Magid Magid made quite an impression as he arrived for his first day at the European Parliament in Strasbourg. Wearing a baseball cap and a T-shirt bearing an anti-fascist slogan, the newly elected MEP said he was asked to leave the building.
Who is Mr Magid and what barriers has the 30-year-old Somali refugee from Sheffield overcome to end up as a Green Party MEP?
“I know I’m visibly different. I don’t have the privilege to hide my identity. I’m BLACK & my name is Magid. I don’t intend to try fit in. Get used to it!”
This was Mr Magid’s response to being asked to leave the European Parliament building by someone he said he believed to be an official.
While the European Parliament said no member of staff was involved, Mr Magid – one of six MEPs for Yorkshire and the Humber – said the incident “says a lot about what people think the stereotypical politician is meant to look like”.
And it’s hard to argue he doesn’t have a point – of the new European Parliament’s 751 members, less than a dozen are black.
To the people of Sheffield, where Mr Magid recently finished a year as the city’s Lord Mayor, his straight talking will have come as no surprise.
From his eye-catching style – Dr Martens and baseball caps coupled with the 18-carat gold chain of office – to his back story – the Somali refugee who came to the UK aged five – he was nothing like the stereotypical image of a Lord Mayor.
During his 12 months in office he hit the headlines time and again, most notably for “banning” US President Donald Trump from Sheffield.
Born in Burao, in northern Somalia, Mr Magid and his family left the war-torn country in 1994 in search of “a better life”. After six months in a refugee camp in Ethiopia, the family – his mother and five older siblings – settled in Burngreave in Sheffield.
He went to Sheffield’s Fir Vale School, where he said he was “just like your average child”, before studying aquatic zoology at the University of Hull.
Mr Magid ran a digital marketing business before being elected as a councillor in 2016, and was appointed Lord Mayor last year.
The role is a ceremonial one, but Mr Magid was determined he would be remembered as more than just a figurehead shaking hands at church fetes.
Asked if he set out to shake things up, he said his very existence in local government was “radical to a lot of people”.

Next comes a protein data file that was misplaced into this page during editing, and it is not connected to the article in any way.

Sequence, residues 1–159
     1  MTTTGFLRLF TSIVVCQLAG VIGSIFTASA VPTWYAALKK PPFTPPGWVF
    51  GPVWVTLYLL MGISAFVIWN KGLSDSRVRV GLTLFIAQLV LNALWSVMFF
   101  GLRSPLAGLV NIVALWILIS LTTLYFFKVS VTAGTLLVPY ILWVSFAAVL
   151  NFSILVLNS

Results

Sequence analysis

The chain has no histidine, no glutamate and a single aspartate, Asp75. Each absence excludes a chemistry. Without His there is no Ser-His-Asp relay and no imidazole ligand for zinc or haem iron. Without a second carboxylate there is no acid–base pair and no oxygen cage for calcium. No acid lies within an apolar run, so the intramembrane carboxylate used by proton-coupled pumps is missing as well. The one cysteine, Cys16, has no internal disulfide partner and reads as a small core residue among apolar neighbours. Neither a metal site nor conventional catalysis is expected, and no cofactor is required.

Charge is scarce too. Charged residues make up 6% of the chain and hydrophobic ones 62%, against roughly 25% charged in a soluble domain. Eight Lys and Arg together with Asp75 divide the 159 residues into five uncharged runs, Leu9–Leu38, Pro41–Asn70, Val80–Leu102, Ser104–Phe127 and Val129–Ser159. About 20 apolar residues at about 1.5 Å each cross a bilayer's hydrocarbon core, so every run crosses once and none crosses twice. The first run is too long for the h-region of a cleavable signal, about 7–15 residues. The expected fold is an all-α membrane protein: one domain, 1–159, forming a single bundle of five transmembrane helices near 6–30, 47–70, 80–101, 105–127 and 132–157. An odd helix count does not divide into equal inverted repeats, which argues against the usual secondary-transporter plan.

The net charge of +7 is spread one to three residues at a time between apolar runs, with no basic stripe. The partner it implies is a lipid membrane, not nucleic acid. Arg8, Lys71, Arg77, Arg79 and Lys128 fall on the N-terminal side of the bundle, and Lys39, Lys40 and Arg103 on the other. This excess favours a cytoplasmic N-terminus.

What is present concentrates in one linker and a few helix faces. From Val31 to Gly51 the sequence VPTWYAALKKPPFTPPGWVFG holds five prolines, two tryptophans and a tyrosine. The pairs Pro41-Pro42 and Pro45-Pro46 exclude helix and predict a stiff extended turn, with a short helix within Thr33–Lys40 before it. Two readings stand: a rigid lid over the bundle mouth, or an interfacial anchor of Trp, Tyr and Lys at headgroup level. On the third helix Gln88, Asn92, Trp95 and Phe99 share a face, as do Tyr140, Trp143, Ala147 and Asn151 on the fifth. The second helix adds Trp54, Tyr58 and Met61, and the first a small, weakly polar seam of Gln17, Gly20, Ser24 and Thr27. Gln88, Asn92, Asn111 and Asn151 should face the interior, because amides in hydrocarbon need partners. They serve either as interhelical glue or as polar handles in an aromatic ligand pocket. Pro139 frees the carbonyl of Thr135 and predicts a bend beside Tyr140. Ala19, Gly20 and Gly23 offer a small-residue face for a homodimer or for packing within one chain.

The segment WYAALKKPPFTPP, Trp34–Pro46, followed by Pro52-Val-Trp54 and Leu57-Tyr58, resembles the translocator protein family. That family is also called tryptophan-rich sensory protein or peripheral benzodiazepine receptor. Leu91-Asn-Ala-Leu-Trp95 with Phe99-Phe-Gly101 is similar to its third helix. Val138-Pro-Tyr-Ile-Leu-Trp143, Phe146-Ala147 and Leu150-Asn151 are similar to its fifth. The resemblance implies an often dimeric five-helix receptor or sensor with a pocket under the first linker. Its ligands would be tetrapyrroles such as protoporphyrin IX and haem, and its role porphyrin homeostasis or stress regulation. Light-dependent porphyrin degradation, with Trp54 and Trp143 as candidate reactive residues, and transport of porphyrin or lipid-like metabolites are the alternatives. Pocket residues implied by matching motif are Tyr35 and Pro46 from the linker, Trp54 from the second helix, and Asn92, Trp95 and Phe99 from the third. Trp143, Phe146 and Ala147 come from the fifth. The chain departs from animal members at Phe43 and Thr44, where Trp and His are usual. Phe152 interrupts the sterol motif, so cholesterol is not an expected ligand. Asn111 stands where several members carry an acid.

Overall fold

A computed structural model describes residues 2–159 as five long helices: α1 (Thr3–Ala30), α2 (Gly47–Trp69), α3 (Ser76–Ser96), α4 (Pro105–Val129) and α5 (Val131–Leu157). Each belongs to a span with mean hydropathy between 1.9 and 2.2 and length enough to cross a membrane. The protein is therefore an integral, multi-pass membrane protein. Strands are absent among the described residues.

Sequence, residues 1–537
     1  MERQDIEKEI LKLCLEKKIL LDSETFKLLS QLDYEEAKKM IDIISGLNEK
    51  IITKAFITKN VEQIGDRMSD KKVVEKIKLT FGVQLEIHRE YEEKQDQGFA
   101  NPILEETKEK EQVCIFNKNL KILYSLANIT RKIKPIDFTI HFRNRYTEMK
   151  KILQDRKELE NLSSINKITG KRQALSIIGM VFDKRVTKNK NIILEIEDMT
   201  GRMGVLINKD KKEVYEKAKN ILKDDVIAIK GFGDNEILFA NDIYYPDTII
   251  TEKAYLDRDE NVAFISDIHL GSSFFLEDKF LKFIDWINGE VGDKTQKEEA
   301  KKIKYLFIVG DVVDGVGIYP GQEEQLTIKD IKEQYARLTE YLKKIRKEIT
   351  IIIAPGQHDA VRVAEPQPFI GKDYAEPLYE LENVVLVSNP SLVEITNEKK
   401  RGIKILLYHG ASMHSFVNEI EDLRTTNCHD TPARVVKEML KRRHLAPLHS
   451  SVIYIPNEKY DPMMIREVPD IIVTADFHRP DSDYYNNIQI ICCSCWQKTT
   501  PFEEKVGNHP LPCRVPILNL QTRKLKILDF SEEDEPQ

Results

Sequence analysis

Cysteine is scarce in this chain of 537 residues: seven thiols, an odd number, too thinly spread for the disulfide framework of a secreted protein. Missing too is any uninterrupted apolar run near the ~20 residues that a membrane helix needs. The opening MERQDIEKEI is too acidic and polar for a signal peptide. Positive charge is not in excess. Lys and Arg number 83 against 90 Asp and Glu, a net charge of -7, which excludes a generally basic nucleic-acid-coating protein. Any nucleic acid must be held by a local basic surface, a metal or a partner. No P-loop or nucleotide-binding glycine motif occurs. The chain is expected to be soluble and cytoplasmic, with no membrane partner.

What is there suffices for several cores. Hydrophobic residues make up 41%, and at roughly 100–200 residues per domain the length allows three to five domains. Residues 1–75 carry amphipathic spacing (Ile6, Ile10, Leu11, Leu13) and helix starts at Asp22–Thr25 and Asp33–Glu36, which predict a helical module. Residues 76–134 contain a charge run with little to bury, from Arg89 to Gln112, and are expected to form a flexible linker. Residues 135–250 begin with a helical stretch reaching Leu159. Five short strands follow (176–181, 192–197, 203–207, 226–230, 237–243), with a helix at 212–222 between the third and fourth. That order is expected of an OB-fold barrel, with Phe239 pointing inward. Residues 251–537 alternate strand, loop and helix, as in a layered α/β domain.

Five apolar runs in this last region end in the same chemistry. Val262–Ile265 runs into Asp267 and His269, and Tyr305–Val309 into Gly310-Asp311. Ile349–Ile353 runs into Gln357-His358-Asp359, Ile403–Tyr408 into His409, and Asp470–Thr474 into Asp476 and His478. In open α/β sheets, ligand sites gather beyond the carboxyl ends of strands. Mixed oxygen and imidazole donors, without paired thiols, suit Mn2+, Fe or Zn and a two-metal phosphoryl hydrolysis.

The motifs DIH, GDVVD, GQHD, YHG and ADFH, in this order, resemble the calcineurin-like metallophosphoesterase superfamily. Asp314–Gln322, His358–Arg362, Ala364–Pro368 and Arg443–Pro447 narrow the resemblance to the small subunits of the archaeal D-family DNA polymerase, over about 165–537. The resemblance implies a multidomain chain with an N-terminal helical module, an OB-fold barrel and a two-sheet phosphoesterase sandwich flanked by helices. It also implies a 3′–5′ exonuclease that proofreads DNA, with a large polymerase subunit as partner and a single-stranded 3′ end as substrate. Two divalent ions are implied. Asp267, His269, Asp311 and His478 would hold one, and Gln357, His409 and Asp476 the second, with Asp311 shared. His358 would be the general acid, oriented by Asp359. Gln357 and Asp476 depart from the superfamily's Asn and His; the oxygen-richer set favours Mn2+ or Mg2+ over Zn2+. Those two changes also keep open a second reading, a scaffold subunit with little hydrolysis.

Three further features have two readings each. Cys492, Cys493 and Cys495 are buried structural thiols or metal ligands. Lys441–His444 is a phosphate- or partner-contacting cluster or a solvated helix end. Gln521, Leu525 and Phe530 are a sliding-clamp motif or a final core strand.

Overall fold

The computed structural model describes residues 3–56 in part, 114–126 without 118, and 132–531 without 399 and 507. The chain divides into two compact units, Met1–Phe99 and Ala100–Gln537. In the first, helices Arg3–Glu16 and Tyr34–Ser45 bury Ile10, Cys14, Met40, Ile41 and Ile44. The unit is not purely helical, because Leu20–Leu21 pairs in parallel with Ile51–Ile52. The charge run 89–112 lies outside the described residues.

But Mr Magid said he would sooner face the flak – things were thrown at his official car and he was sent racist hate mail and death threats – than stay silent.
“As long as I am making people feel something, connect or engage, even if that is calling me [names], at least I’m evoking some interest in the role and people are caring,” he said.
His approach to the role polarised public opinion.
The Lord Mayor’s stance on Mr Trump prompted some to say they were “embarrassed” to admit they were from Sheffield, while others accused him of abusing his position.
More acerbic comments were aired in a series of letters to the local newspaper, shortly after his appointment.
One reader said he represented “everything that is wrong with our once great city”, while another said the role should be “reserved to a person of white, English descent”.
Mr Magid readily acknowledges he is “not everyone’s cup of tea”.
“People really either love me or they hate me, but either way they’ve got a passionate opinion,” he said.
Speaking in May, Mr Magid said he keeps a message on his phone from a Somali refugee living in Austria who said she had been inspired by him to stand in her local elections.
His story also reached pupils at Crocker Farm Elementary in Amherst, Massachusetts.
Classroom assistant Jean Fay said two youngsters, one from Sri Lanka and the other from Cape Verde, had spent time researching his rise.
“The students were excited that someone so young like them, someone who is an immigrant like them, who speaks a different language like them, can be someone who is elected by a large group of people and can make a difference in the world,” she said.
“Seeing someone like Magid, who they can relate to, makes them believe this is possible.”
Closer to home, in Burngreave, the deprived part of Sheffield where Magid grew up, he has been hailed a “hero” by Safiya Saeed. She is the founder of community group Big Brother Burngreave, which, among other things, aims to divert teenagers from violent crime.
She said young people in her group, originally from places including Somalia, Yemen, Ethiopia and Congo, could relate to the fact Mr Magid had endured racism and prejudice.
“For many of them, for many of their parents, politics is not something they engage with, but Magid has made it fashionable,” Ms Saeed said.
“He’s shown you can wear your own gear and trainers – you don’t have to be in a suit.
“That’s real for them. It’s shown them [politics] is no longer just a white person’s position.”
In the view of Kate Dommett, a senior lecturer in the public understanding of politics at the University of Sheffield, Mr Magid’s actions “completely redefined” the role of Lord Mayor.
“There have always been very minimal expectations about what the mayor in Sheffield did, but he came in and just immediately challenged those expectations, behaving in a very, very different way,” she said.
“It’s quite unprecedented for essentially a local councillor who has only ceremonial powers to have that kind of national profile, and he’s built that out of nothing.”
Sheffield youth councillors Joanna Hall, 15, and Jude Smith, 14, said previous Lord Mayors did not stand out and largely failed to listen to young people.
“We’ve had real difficulty getting through to people in power,” said Joanna.
“There have been a lot of people that are just there for show.”
Jude, who says he chats with Mr Magid on Instagram, said: “I have mates who were disinterested in politics who have now jumped into it because of him.
“I think he’s been a massive beacon of hope.”